Pushing through a curve? - Page 2 - MY350Z.COM - Nissan 350Z and 370Z Forum Discussion



2003-2009 Nissan 350Z

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Old 10-14-2017, 09:13 AM   #21
dkmura
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I've met Judy Fast, since she ran a racetrack in Colorado for a number of years. Her classes have a positive reputation, although I've never been to one. Which track is she working out of?

Also, you must understand the difference between drifting and performance driving. Although they have roots in the same discipline, drifting is quite different in terms of the slip angles being generated. In track driving or racing, we always try to limit the amount of rotation, while drifters try to widen it for the show. Car control will be taught in your classes and you'll understand better as the exercises build skills.
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Old 10-16-2017, 07:08 AM   #22
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Originally Posted by kauai1800 View Post
Only thing I can add is something I learned at Skip Barber at Road America: Look where you want to go, especially if you start to lose control. Even if you get completely sideways, your eyes will automatically tell your hands where to point the car if youíre looking there. So keep your eyes on the road/track! Donít dare look at the barriers!
Excellent advice! In addition to where to look you'll learn proper hand position and other skills if you take a track / performance driving class. The hardest thing for rookies to learn is how to brake properly because street driving doesn't prepare you for track driving at all.

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Awesome post man, now I really understand what it means when the Z has understear. I have experienced that one time and it scared me a bit, I didn't hit the brakes or the throttle, I just point my tires where I wanted to go and let off the throttle and I ended up regaining enough traction to continue on my way.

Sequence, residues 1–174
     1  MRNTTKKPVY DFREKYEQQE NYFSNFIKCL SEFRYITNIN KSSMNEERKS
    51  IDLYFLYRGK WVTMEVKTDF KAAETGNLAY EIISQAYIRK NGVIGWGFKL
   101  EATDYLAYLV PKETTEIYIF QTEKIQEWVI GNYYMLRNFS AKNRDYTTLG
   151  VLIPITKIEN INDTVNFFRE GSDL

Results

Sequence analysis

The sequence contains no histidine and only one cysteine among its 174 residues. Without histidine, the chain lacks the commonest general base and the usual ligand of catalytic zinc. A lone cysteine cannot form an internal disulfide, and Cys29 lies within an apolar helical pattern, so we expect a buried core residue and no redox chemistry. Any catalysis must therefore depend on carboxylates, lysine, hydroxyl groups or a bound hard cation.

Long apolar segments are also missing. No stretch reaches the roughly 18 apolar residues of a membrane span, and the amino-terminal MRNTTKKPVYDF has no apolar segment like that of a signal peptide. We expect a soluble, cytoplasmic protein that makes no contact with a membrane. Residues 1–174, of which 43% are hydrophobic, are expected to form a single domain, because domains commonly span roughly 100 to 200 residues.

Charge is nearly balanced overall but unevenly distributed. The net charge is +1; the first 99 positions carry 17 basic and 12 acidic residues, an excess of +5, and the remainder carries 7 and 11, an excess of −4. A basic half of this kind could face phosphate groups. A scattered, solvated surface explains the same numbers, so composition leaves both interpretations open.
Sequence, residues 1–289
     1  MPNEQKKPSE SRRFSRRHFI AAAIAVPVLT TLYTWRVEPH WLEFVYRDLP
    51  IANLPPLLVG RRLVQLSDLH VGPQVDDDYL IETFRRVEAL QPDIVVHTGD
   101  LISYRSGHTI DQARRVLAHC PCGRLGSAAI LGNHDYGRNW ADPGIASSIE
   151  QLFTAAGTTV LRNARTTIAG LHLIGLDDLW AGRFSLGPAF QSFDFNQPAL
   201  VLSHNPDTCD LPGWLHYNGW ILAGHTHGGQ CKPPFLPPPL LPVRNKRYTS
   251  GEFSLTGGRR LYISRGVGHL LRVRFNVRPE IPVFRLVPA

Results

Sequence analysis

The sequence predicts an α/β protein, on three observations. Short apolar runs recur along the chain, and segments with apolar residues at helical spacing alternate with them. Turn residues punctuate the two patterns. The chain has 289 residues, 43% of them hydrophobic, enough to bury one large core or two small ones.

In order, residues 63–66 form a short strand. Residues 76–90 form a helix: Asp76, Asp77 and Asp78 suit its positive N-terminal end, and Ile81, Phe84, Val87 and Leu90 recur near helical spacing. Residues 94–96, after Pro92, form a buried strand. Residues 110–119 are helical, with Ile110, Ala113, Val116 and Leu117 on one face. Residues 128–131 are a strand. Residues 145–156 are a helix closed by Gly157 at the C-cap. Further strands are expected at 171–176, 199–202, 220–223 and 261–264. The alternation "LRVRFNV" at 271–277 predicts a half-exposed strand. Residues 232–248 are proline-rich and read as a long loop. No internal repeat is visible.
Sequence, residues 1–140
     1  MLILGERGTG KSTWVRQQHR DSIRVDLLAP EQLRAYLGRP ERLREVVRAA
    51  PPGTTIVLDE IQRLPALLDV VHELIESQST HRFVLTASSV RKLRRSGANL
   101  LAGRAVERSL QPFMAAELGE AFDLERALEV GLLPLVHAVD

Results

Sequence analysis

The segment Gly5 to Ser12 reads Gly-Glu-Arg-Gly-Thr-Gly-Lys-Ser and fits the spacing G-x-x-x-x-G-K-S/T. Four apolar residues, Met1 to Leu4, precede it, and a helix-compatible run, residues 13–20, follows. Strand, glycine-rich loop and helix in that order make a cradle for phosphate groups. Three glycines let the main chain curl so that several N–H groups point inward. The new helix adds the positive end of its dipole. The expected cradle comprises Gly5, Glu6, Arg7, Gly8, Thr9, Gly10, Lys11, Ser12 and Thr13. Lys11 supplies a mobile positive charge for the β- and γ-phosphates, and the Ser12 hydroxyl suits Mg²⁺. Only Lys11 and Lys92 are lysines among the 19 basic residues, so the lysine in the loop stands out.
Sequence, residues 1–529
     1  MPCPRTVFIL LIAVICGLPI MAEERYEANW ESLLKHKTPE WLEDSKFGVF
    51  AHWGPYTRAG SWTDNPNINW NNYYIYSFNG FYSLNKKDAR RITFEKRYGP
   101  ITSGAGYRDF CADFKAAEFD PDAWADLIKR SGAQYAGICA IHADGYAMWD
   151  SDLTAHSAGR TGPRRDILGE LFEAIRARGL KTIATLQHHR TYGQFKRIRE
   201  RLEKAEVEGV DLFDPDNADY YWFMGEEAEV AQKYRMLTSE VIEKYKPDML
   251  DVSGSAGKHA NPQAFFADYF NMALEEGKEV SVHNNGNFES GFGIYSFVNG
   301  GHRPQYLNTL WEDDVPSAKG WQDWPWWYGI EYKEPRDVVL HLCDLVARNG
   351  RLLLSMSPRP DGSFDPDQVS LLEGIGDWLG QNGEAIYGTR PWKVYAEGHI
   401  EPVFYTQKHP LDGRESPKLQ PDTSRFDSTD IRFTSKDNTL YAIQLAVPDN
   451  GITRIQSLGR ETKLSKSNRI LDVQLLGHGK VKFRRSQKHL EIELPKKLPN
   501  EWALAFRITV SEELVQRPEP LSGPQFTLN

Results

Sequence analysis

Perfect! The Z is my only my second RWD car (other then a truck) so when I first started driving it I found it over steered. However I learned those events were all POWER based oversteer, IE: too much gas on corner exit. So that wasn't the car's fault it was mine. Once I started track driving I was amazed at the level of understeer the Z had. You turn the wheel hard and the car just keeps going straight-ish. The rear is only going to step out if YOU apply too much gas or upset the balance is some other way, IE: aggressive downshift, heavy braking or fast angle change. Part of the reason the car tends to push is the staggered tire setup, with the fronts behind narrower then the rears, this means less grip in the front obviously. So it becomes more about weight transfer which another skill you learn at the track with an instructor. Honestly the Z will take a corner on track much faster then I have the courage for, in fact I'd guess I'm only getting maybe 75% out of the package. A professional would mop the floor with my sorry times. I'm just out to have fun and enjoy the performance I can manage safely.

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In track driving or racing, we always try to limit the amount of rotation, while drifters try to widen it for the show.
For sure. To the OP: watch some F1 or Indy Car racing, you'll quickly notice that ANY tire spin, slide or brake lock up results in someone getting passed. Real racers avoid sliding around because lost grip means loss of speed. The idea of powering out of a slide is just Hollywood movie fun or drifters showing off. It is not the ideal way to take a corner. Now at times it happens in racing where drivers are pushing limits and might step over the edge. The difference is their skill level allows them to recover (sometimes) without losing momentum. However since you are not trying to qualify for the pole at the Indy 500 trading a few seconds of lap time to keep your Z in one piece is smart thing to do.

About the only time such a technique is useful is in rally or dirt driving where getting the car sideways allows for sharper turns on difficult, broken surfaces. In this case the car is going to slide regardless, so drivers learn to use it to their advantage. They purposely flick the car sideways using the rotation motion to slow the car instead of using the brakes, while at the same time getting aimed properly for the next section of track. Also keep in mind rally cars are normally turbos and spinning the tires keeps the engine on boost for maximum power.
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Old 10-16-2017, 05:34 PM   #23
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Originally Posted by dkmura View Post
I've met Judy Fast, since she ran a racetrack in Colorado for a number of years. Her classes have a positive reputation, although I've never been to one. Which track is she working out of?

Also, you must understand the difference between drifting and performance driving. Although they have roots in the same discipline, drifting is quite different in terms of the slip angles being generated. In track driving or racing, we always try to limit the amount of rotation, while drifters try to widen it for the show. Car control will be taught in your classes and you'll understand better as the exercises build skills.
It looks like she's teaching out of Pueblo Motorsports Park - CO.

Thanks for everything again!
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